Sport, our multi-gazillion dollar sinkhole

Let's talk a global look at world sport right now. Wait, what? Oh, it's pretty much a blank sheet. Gasp.

That sportiest of sporty PMs, Boris Johnson, effectively pulled the plug on anything sweaty in the UK this week due to the coronavirus pandemic

You know it's serious when the Grand National and the boat race are canned. And that's before we even mentioned the mothballed Premier League, EFL and FA Women's Super League.

Of course, it's just as chronic in the states where the NBA, college basketball, the National Hockey League, golf's organising body, the PGA, and all manner of sports are on hold. There's a multi-gazillion dollar sinkhole now dedicated to sport and it's overflowing.

And, of course, there's the very public hand-wringing of our own winter sports codes about how best to maintain a presence but keep players (and fans) safe.

As much as purists might like to prefer it swept under the carpet, there's also the ever-so intrinsically linked sports betting world to attach to the issue, too. That's when the money factor rises exponentially. Add to that TV rights across the globe and, without sounding too alarmist, we're talking major economic implications. But it's just sports, right? Well, no. Whether we like it or not sports - and the money involved - helps the world turn.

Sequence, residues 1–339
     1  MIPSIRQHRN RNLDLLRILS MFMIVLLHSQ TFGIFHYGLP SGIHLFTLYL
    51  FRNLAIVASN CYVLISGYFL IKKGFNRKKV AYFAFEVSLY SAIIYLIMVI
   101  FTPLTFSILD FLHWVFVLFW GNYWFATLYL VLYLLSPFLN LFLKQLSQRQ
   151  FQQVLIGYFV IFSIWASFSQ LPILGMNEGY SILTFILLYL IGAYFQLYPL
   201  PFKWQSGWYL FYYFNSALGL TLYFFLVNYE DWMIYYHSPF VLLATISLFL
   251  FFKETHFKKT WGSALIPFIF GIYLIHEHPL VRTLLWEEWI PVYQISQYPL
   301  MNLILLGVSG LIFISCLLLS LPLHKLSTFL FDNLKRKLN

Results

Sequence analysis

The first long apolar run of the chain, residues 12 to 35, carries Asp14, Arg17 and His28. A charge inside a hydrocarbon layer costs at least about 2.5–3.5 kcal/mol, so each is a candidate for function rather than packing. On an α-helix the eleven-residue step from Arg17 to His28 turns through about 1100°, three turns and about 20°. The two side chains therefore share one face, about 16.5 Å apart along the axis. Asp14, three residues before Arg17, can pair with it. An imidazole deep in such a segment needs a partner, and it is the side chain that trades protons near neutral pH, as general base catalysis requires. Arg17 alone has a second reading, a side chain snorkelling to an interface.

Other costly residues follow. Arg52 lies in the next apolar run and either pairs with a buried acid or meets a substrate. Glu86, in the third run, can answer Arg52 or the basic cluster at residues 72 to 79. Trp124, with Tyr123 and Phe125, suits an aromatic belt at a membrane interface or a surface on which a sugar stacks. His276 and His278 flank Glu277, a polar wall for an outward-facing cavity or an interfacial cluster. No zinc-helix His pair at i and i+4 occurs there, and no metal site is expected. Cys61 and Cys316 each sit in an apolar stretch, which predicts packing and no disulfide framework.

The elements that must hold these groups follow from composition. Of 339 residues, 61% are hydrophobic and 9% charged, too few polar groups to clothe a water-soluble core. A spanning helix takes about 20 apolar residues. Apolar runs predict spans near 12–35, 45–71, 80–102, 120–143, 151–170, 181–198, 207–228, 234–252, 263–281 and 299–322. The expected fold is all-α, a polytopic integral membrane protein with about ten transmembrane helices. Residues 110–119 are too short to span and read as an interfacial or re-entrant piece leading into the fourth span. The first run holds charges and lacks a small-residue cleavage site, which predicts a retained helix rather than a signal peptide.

The situation became even more serious (if that's even possible) earlier this week when the single sport that rumbled on relentlessly in face of everything ground to a halt.

It was, of course, the omnipotent, border-busting UFC.

For weeks, UFC president Dana White was adamant fights would power on regardless. But when his buddy, US President Donald Trump, advised against gatherings of more than 10 people, White fell into line.

Who would've thought a sport which involved a sport which features all sorts of bodily fluids spilling everywhere would need to be reined in? Well, the world and his wife actually. And now, it seems, White, too.

UFC's head honcho reportedly sent an email to his employees on Monday to inform them that UFC events on March 21, March 28 and April 11 have been indefinitely postponed.

It's a huge call. And a necessary one.

Taxes and death maybe two certainties in life but so is the fact that sport mirrors life. Who would've thought it would take the UFC's admission that it needs to change its practices for that to be underlined so emphatically in 2020?

Janine Graham is an ACM journalist